Among many memorable moments from my golden-hued tenure as a graduate English student at Queen’s University was an excursion to Wolfe Island, part of my orientation week. As many Kingston locals and Queen’s alumni are aware, Wolfe Island is home to a giant corn maze, which, as the English department saw it, was the perfect tool by which to forge lasting bonds with one’s peers all while testing one’s mental turpitude. Indeed, though designed to be all in good fun, the maze in fact requires no small amount of spiritual endurance if one is to make it out before nightfall.
That was my only real experience of the island unless you count many an afternoon spent glancing out over Kingston Harbour, pondering great works of important literature as I stared listlessly at the windmills that lined the island’s edge. At that point in time, it’s fair to say I was not all attuned to Wolfe Island’s unique history.
In the summer of 2009, Dundurn released Wolfe Island: A Legacy in Stone by Barbara Wall La Rocque. The book proffers a near-exhaustive account of Wolfe Island’s entire history, from its geologic origins dating back to the last ice age to the rise, and subsequent decline, of industry on the island.
One of the most compelling bits of history that the book touches on surrounds the phenomenon of ‘home children:’ the United Kingdom’s institutionalized resettlement of poor and orphaned children to other commonwealth countries, beginning in 1869. The resettlement system was conceived with the benevolent intention of removing children from harsh English workhouses (think Oliver Twist) and providing them with better opportunities overseas. Indeed, many children found loving homes and success through the program, numerous others were exploited for cheap agricultural labour and often subject to poor working and living conditions. Many of these children found themselves living and working on Wolfe Island, sometimes for better and occasionally for worst.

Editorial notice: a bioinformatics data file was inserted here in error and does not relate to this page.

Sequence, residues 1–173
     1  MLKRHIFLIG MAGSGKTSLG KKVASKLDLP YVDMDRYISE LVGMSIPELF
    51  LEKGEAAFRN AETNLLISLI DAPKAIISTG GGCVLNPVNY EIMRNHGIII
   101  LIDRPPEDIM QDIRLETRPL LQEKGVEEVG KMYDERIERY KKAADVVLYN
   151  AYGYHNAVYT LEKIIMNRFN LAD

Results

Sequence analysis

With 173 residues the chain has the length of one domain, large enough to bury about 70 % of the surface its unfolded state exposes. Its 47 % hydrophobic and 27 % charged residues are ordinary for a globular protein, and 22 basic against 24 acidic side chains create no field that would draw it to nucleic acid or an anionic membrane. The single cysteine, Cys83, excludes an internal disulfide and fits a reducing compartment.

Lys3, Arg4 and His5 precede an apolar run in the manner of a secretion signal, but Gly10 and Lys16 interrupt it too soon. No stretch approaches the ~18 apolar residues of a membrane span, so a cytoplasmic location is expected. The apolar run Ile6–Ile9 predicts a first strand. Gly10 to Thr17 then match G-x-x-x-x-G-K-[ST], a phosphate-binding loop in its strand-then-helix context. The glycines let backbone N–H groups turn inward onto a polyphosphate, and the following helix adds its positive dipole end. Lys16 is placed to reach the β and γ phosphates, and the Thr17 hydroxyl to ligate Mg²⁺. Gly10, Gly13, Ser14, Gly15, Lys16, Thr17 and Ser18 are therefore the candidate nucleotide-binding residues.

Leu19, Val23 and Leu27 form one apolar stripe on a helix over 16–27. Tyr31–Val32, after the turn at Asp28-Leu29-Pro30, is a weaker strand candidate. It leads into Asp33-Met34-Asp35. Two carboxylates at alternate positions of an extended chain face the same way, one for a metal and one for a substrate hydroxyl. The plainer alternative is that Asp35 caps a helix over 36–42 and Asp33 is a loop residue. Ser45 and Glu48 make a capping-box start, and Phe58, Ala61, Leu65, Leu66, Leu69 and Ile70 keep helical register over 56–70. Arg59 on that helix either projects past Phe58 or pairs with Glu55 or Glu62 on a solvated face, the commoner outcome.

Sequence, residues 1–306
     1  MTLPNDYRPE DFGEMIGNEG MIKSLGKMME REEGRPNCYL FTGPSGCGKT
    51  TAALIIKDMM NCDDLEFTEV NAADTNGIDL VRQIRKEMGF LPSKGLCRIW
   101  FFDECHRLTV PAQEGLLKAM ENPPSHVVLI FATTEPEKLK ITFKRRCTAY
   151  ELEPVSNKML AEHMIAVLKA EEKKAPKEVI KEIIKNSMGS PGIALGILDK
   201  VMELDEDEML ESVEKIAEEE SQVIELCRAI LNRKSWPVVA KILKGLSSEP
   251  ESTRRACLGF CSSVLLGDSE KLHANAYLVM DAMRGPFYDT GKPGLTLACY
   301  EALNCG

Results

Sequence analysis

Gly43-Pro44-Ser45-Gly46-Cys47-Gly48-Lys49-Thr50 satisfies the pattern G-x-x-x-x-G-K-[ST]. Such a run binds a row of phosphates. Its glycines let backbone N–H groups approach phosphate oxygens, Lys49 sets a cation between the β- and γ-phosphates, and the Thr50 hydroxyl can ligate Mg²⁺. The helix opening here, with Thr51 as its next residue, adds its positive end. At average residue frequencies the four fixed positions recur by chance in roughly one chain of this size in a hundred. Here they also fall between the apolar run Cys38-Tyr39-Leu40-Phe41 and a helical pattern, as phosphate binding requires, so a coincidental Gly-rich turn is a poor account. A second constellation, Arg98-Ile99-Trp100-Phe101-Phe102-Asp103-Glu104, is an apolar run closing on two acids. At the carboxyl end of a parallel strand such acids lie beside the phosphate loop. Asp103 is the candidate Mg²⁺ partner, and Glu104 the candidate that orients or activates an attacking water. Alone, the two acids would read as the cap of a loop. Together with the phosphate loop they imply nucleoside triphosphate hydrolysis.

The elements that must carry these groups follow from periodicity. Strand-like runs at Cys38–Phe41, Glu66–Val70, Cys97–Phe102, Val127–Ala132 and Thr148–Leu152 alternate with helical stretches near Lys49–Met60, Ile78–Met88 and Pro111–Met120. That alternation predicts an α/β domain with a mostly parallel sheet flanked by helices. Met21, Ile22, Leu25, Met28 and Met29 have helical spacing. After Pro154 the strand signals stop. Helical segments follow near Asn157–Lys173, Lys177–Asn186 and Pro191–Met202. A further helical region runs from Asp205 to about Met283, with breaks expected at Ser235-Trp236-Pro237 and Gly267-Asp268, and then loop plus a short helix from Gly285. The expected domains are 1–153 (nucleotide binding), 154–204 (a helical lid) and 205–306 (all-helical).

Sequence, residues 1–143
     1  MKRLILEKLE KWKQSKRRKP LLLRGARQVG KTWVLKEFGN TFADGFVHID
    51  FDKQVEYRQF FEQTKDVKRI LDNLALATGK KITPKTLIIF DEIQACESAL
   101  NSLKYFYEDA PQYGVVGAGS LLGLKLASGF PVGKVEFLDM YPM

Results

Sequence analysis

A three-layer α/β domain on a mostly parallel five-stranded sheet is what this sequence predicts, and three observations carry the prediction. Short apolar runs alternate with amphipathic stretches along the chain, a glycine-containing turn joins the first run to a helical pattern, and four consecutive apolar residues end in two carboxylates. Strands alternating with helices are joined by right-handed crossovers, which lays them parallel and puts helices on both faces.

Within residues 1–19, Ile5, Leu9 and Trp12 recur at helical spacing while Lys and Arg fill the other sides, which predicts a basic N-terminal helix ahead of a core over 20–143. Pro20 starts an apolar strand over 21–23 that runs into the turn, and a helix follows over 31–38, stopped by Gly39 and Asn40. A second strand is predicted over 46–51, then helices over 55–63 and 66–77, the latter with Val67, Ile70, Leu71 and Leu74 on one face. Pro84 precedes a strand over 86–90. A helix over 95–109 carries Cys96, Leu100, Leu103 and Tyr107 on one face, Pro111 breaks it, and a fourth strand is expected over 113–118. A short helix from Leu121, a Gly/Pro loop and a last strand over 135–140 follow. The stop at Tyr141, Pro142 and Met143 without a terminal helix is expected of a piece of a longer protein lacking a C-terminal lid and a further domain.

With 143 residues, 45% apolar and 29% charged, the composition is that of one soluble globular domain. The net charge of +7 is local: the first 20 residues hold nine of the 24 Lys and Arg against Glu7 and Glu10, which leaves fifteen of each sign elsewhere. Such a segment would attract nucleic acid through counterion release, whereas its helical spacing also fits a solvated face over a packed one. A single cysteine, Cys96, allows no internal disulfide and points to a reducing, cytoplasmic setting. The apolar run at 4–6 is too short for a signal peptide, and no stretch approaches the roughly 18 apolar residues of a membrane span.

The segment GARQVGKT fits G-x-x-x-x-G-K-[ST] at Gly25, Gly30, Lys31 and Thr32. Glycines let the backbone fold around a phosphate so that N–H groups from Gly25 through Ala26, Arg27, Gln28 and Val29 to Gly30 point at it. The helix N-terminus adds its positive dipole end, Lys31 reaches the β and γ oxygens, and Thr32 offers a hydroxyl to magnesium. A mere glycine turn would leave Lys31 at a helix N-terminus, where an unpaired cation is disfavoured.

The economic circumstances of The Great Depression forced the child emigration program to effectively cease in the 1930s. By that time, more than 100,000 children had been transplanted from the UK to Canada, Australia, New Zealand, and South Africa.